previous next
[265] So spake he, and they, seized with fear of the rebuke of their father, brought forth the light-running waggon drawn of mules, fair and newly-wrought, and bound upon it the wicker box; and down from its peg they took the mule-yoke, a box-wood yoke with a knob thereon, well-fitted with guiding-rings; [270] and they brought forth the yoke-band of nine cubits, and therewithal the yoke. The yoke they set with care upon the polished pole at the upturned end thereof, and cast the ring upon the thole; and they bound it fast to the knob with three turns to left and right, and thereafter made it fast to the post, and bent the hook thereunder. [275] Then they brought forth from the treasure-chamber and heaped upon the polished waggon the countless ransom for Hector's head, and yoked the strong-hooved mules that toil in harness, which on a time the Mysians had given to Priam, a splendid gift. And for Priam they led beneath the yoke horses that the old king [280] kept for his own and reared at the polished stall. Thus were the twain letting yoke their cars, in the high palace, even the herald and Priam, with thoughts of wisdom in their hearts, when nigh to them came Hecabe, her heart sore stricken, bearing in her right hand honey-hearted wine in a cup of gold, that they might make libation ere they went. [285] And she stood before the horses, and spake, saying: “Take now, pour libation to father Zeus, and pray that thou mayest come back home from the midst of the foemen, seeing thy heart sendeth thee forth to the ships, albeit I am fain thou shouldst not go, [290] Thereafter make thou prayer unto the son of Cronos, lord of the dark chouds, the god of Ida, that looketh down upon all the land of Troy, and ask of him a bird of omen, even the swift messenger that to himself is dearest of birds and is mightiest in strength; let him appear upon thy right hand, to the end that marking the sign with thine own eyes, [295] thou mayest have trust therein, and go thy way to the ships of the Danaans of fleet steeds. But if so be Zeus whose voice is borne afar grant thee not his own messenger, then I of a surety should not urge thee on and bid thee go to the ships of the Argives, how eager soever thou be.”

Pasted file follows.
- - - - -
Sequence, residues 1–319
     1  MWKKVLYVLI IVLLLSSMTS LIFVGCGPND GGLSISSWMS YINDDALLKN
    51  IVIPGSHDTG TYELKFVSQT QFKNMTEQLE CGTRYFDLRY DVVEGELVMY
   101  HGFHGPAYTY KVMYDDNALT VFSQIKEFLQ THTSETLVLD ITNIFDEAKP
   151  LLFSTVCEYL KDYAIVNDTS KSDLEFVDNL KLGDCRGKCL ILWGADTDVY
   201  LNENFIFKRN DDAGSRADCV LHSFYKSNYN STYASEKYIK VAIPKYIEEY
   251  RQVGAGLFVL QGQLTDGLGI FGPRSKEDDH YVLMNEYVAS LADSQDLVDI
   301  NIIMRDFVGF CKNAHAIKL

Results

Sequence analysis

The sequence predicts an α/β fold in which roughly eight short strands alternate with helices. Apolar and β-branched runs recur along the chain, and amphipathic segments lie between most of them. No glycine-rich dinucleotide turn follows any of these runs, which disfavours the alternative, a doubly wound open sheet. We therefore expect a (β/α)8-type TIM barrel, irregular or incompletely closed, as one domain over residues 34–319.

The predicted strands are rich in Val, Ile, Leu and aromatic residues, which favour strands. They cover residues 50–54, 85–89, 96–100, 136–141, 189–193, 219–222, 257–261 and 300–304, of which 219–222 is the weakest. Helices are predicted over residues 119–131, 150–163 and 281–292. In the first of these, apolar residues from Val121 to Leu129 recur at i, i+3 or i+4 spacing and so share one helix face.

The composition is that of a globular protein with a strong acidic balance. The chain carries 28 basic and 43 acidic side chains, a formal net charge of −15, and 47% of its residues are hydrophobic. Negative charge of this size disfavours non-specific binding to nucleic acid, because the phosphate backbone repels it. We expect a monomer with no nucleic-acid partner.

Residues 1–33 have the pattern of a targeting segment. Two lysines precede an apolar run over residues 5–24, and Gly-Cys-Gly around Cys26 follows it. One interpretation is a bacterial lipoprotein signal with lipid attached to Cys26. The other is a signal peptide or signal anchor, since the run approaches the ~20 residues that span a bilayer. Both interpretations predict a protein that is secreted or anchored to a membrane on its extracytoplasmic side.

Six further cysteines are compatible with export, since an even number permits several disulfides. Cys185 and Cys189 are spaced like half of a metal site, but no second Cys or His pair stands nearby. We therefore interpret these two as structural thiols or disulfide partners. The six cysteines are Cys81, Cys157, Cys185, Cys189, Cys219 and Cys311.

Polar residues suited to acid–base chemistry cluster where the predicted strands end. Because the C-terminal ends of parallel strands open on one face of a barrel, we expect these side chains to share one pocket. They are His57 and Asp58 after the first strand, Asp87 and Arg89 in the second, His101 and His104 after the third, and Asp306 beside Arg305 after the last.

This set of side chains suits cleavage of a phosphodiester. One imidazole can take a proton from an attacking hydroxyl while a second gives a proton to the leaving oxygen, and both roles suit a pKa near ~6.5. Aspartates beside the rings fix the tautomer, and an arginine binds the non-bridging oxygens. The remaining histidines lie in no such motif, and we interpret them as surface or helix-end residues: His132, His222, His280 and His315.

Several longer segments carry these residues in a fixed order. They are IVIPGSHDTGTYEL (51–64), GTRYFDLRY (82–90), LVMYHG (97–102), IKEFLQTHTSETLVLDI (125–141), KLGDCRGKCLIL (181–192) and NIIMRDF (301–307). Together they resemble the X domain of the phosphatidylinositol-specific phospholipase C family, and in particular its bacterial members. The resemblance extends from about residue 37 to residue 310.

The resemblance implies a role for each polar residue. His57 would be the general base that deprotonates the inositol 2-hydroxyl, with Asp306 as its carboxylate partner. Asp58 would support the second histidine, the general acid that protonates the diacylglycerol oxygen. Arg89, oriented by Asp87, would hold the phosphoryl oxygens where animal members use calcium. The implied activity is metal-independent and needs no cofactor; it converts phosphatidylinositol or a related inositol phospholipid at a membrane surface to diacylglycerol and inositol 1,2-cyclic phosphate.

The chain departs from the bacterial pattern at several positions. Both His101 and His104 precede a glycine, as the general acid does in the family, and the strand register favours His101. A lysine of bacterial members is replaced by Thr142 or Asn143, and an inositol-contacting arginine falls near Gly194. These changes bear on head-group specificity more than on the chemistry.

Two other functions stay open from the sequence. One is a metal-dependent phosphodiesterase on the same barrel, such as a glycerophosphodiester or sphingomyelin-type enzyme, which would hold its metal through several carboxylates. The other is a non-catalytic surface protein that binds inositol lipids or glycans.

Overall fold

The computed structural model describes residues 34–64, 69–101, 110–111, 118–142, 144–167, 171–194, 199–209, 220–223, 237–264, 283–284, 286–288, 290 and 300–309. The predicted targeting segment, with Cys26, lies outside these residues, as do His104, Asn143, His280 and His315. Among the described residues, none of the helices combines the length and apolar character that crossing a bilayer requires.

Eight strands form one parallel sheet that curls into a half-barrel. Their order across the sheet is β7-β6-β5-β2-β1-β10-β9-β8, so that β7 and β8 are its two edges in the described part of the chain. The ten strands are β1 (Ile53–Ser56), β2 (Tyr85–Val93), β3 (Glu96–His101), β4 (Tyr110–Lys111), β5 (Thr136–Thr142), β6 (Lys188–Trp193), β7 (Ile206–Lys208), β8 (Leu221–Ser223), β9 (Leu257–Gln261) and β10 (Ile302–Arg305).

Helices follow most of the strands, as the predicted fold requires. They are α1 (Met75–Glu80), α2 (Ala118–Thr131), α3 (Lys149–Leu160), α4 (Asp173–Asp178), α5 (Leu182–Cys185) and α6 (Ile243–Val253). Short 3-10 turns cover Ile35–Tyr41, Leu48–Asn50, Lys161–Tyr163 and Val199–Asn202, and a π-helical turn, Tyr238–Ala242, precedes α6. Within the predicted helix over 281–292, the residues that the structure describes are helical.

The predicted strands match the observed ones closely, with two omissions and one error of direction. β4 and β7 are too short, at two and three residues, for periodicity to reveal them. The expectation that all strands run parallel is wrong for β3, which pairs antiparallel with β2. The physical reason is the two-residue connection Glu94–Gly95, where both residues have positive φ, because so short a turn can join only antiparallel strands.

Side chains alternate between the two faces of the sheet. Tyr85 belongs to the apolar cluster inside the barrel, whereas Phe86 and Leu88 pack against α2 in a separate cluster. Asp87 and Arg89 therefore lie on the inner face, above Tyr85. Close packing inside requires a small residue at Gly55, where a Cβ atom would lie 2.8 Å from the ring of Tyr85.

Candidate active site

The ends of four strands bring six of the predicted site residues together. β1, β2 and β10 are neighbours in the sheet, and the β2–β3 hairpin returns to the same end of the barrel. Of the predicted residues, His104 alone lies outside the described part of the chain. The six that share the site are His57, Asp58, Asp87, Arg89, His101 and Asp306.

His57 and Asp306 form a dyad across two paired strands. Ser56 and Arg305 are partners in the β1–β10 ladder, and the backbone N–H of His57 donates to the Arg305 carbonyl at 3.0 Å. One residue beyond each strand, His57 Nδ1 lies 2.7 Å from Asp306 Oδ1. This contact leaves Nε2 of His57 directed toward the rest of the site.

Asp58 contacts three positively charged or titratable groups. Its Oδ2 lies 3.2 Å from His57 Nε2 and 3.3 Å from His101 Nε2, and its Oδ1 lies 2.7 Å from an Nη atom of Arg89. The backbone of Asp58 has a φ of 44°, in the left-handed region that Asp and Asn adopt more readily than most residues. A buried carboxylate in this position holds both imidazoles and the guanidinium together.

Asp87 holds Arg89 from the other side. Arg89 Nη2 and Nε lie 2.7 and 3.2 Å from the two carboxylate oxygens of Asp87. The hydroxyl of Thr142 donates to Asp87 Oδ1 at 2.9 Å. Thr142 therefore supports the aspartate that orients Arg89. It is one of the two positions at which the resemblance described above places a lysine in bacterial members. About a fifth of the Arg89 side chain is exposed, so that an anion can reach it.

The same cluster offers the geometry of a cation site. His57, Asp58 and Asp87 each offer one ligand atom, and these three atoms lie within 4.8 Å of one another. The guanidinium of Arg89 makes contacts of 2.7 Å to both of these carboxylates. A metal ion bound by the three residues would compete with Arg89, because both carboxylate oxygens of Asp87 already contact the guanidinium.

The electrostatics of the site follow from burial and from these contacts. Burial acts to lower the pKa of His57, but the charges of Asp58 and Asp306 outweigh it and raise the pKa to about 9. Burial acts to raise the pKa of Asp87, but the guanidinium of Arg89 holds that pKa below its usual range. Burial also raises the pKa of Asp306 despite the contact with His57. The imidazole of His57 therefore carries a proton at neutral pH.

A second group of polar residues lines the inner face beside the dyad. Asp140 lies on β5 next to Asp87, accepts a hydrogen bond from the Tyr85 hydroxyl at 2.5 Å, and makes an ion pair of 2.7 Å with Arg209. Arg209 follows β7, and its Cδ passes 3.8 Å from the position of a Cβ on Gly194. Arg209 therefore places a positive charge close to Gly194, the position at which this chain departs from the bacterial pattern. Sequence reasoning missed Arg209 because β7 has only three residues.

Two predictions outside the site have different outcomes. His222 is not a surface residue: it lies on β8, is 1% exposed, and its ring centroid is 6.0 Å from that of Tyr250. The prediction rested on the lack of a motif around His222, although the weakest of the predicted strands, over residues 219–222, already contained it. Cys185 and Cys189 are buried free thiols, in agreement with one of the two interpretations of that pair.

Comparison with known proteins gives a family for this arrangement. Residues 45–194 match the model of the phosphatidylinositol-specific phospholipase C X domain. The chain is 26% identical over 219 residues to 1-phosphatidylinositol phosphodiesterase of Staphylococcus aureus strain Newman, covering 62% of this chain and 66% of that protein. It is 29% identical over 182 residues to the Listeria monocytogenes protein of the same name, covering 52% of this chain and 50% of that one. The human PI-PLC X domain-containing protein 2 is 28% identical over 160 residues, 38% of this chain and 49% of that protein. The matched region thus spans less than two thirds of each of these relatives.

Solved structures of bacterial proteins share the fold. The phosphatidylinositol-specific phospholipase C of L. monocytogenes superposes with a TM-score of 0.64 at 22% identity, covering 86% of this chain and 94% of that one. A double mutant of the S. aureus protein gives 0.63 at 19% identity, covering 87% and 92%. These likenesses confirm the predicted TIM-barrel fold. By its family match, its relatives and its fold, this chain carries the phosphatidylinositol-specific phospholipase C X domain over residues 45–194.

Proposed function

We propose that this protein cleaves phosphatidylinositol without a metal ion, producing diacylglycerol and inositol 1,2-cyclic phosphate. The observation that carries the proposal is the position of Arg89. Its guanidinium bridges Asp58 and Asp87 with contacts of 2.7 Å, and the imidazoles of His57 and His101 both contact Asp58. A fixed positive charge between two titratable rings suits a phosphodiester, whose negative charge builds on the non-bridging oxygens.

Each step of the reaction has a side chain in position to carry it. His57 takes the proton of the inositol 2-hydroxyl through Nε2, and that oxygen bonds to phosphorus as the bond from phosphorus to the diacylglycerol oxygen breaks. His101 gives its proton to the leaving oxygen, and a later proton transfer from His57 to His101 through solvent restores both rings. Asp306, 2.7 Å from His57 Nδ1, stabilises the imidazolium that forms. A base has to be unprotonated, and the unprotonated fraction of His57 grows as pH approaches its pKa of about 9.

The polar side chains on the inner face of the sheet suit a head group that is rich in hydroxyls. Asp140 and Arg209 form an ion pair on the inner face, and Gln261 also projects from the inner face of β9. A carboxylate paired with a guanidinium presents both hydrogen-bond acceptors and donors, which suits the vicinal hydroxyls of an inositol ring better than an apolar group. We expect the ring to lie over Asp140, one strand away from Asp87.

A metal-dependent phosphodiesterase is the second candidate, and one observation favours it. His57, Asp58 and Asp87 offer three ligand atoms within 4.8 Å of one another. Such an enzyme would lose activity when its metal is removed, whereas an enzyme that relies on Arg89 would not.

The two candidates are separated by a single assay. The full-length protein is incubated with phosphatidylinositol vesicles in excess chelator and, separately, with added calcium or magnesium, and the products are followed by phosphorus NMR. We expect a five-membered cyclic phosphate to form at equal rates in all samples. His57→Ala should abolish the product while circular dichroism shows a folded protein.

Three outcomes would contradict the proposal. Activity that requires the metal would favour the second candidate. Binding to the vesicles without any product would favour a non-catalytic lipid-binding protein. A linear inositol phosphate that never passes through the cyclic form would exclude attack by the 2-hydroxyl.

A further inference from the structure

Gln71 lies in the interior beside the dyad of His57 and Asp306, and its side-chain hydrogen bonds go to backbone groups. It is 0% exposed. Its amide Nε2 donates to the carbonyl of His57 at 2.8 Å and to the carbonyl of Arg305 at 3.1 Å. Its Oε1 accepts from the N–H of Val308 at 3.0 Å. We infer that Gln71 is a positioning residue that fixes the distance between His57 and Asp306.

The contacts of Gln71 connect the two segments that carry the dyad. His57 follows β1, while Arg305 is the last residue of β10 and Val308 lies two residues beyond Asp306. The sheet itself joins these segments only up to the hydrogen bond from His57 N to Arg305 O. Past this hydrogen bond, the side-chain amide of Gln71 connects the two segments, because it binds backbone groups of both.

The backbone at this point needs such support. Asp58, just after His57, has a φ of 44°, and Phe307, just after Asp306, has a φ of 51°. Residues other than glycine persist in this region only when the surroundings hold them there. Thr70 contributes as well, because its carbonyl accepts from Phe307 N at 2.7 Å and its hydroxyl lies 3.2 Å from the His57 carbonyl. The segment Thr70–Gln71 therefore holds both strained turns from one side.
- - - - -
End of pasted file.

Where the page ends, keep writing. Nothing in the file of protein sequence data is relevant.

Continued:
Creative Commons License
This work is licensed under a Creative Commons Attribution-ShareAlike 3.0 United States License.

An XML version of this text is available for download, with the additional restriction that you offer Perseus any modifications you make. Perseus provides credit for all accepted changes, storing new additions in a versioning system.

load focus Greek (1920)
hide Places (automatically extracted)

View a map of the most frequently mentioned places in this document.

Download Pleiades ancient places geospacial dataset for this text.

hide References (1 total)
  • Commentary references to this page (1):
    • Walter Leaf, Commentary on the Iliad (1900), 5.730
hide Display Preferences
Greek Display:
Arabic Display:
View by Default:
Browse Bar: